Sometimes we need to risk sticking our heads out over the parapet to look beyond our own church, organisation, neighbourhood or nation – to catch a much bigger picture of what God is doing across Europe and in our world.
Lausanne Europe 20/21 has been that kind of experience this week: engaging hundreds, and potentially thousands, of leaders from every corner of Europe in thinking, exhorting and praying together about making God known to Europeans. Whether following alone from one’s home or office, or in national gatherings such as the one I joined in Almere just outside of Amsterdam, we were all drawn into a broad, multi-ethnic, multi-lingual, multi-national ‘communion of saints’ blanketing Europe and far beyond. We became more conscious of our own cultural blind-spots, nationalistic limitations, linguistic differences and perhaps even racial prejudices. We were confronted with needs and challenges in today’s needy mission field of Europe.
The four days of online conversations, video reports, exchanges through chat boxes, interactive seminars and bible expositions have created a landmark event which will impact the evangelical landscape of Europe for decades to come. It has produced a rich, permanent, resource archive available to everyone, a common library of inspiration and information for churches and organisations, pastors and missionaries, lay and clergy, social workers and journalists, artists and students … for anyone concerned with the spread of the kingdom in Europe.
No one could attend all the simultaneous sessions (although the temptation was to ‘zap channels’) so the online archive will enable us still to get the most out of this watershed event. Here’s a listing of the recorded seminar presentations with discussions available on the Lausanne Europe platform: which ones could help your work?
• Art-the language of the European soul • Reaching secular youth • Connecting with diaspora churches • Overcoming the gods of Europe •Lessons from the early church and the Reformation • Personal revival • Nominal christianity • Church planting movements in Europe • Climate change • Sustainable Development Goals (SDGs) • Leadership • Religious liberty • Creation care • Europe’s role in world mission • Human trafficking • Islam and apologetics • Women and men leading together • Mobilising your church in evangelism • Simple church • Church and populistic politics • Sport • Reaching second generation diaspora • Anxiety • Apologetics • AI and ethics • Refugees • Christians and the EU • Oral communication of the gospel • Political involvement • The transgender movement • What is sexuality for? • Reconciliation in a polarised world • Faith and science • The gospel and the city • The gospel and the workplace • Identity politics • Decolonising mission • Dialogue with Catholics • Five-fold ministries • Opportunities and challenges of a media-saturated age • Pornography • Cross-cultural evangelism • A Muslim’s view of Europe • Nationalism as idolatry • Anti-semitism• and more…!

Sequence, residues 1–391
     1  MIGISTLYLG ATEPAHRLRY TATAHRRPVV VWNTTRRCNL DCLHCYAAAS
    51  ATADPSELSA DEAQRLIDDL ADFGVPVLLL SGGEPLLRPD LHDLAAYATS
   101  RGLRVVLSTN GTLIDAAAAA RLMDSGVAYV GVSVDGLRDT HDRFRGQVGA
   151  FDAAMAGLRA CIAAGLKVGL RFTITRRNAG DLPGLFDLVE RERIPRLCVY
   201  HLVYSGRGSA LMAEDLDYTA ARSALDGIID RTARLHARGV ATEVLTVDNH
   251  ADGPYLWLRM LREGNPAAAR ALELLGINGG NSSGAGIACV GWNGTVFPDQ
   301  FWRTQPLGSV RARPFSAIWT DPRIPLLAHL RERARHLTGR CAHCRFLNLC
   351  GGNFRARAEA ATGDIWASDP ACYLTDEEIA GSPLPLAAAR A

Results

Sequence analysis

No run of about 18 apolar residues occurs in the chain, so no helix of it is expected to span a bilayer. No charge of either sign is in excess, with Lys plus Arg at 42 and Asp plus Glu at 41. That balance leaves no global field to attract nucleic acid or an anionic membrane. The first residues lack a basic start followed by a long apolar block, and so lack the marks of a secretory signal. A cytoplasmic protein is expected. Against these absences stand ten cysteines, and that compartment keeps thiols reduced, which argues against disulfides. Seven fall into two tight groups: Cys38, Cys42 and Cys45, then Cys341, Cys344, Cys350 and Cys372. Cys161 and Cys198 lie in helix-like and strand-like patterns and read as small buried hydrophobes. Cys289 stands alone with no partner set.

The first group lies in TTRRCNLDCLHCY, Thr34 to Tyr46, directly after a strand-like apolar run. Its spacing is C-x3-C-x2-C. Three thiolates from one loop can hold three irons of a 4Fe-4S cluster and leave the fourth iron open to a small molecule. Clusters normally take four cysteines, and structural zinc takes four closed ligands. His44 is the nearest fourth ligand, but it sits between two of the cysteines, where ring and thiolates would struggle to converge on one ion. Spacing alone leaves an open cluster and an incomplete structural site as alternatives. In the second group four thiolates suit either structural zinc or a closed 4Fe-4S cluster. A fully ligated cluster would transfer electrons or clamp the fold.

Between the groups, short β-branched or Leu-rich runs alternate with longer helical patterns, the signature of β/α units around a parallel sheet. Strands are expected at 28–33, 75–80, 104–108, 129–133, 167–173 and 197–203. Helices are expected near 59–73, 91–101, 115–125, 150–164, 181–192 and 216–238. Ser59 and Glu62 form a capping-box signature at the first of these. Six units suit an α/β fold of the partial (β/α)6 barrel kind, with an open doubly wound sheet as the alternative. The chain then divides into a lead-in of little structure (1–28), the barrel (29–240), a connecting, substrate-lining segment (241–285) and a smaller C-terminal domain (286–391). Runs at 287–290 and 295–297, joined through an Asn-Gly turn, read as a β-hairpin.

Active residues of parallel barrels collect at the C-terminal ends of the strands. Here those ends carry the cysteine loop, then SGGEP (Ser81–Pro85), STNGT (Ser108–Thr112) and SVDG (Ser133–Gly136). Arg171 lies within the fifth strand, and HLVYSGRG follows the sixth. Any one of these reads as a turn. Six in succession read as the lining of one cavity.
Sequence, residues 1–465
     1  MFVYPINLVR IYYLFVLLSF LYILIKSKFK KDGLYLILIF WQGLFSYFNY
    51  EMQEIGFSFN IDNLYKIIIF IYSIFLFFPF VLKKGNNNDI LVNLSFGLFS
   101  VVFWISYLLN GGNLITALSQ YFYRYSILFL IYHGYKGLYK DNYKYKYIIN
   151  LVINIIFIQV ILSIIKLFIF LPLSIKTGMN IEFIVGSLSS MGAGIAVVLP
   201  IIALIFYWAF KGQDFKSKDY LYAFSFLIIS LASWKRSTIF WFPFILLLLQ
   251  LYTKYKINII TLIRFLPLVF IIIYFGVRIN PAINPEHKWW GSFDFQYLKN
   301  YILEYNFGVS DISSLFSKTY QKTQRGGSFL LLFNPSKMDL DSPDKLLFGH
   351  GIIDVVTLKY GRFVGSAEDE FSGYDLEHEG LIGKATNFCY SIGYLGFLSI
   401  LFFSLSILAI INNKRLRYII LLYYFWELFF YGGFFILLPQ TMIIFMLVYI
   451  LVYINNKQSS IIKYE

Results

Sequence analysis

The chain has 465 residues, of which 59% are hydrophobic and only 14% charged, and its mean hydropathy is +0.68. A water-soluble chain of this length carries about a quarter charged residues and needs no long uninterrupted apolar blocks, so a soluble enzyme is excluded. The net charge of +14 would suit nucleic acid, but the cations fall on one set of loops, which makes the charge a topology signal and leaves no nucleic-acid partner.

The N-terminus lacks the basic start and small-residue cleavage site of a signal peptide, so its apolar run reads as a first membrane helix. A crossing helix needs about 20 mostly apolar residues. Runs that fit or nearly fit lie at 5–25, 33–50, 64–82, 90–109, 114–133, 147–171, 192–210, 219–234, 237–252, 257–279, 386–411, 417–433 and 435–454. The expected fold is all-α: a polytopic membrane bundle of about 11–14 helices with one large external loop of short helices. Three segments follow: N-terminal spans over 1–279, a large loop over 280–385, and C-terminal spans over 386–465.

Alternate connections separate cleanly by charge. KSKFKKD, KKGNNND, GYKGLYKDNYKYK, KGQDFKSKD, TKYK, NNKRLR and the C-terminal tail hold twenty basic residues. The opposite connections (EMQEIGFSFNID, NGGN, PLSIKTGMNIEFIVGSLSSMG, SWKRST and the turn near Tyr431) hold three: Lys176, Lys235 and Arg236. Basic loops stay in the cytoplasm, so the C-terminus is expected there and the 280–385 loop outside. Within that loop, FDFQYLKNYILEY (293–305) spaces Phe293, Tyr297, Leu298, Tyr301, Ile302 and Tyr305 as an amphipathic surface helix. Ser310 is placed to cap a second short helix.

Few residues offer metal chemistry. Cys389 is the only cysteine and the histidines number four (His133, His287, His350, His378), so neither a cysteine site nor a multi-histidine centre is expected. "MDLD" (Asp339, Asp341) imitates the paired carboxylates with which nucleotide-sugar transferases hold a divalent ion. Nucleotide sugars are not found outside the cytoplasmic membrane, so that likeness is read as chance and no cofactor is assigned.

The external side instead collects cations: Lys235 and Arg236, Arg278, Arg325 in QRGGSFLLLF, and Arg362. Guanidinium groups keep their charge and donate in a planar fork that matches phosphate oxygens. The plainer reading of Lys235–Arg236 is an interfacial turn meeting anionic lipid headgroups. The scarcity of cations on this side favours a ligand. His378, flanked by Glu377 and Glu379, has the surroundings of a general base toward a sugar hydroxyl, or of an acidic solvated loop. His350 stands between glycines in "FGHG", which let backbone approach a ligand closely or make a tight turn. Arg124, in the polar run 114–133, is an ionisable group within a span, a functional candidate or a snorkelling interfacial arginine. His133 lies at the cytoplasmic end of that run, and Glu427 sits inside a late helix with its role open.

Some of the many highlights included:
- Jim Memory’s abbreviated presentation of his report Europe 2021 about which we have written in recent weeks, but for which unfortunately there was no opportunity to engage;
- Kate Coleman’s challenge for us to be ready to leave the comfort of the upper room, as the early disciples were moved to do so by the Spirit’s outpouring, and to close the gap between the church and the world – again with little room for response;
- Luke Greenwood’s plea to hear the cry of spiritual hunger from the young generation, expressed in the haunting words of the secular band, Bring me the horizon, from their song Drown:
Got a hole in my soul, growing deeper and deeper/And I can’t take one more moment of this silence/The loneliness is haunting me/And the weight of the world’s getting harder to hold up/Who will fix me now? Dive in when I’m down?/Save me from myself, don’t let me drown/‘Cause you know that I can’t do this on my own.
In the closing sessions, Lausanne Movement veterans Sam Escobar and Os Guinness passed on historical perspectives to first-time Lausanne participants. Peruvian Escobar, whose 1974 talk helped restore to the global evangelical movement awareness of the socio-political dimensions of the gospel, urged his young audience to keep open to the questions that come from the world, especially from the new generation.
Guinness recalled his upbringing in China as a missionary child, and the Chinese interest in why the peninsular of the Eurasian landmass we now call Europe dominated the world scene over the past five centuries. They concluded the reason was Europe’s religion, specifically the rediscoveries of the Protestant Reformation of the big truths of calling, leading to capitalism, and conscience leading to human rights. While Europe owed much to the Greeks and Romans, Os continued, Europe was the heir of the gospel, principally the Reformation.
Yet now we were at a true civilisational moment with the West in decline, authoritarianism rising, climate change, and hearts failing for fear. Alternatives of the faith were proving bankrupt, disastrous and empty. “The gospel is truly the best news ever! Not only for individuals but for societies and the world at large,” Os concluded.
Till next week,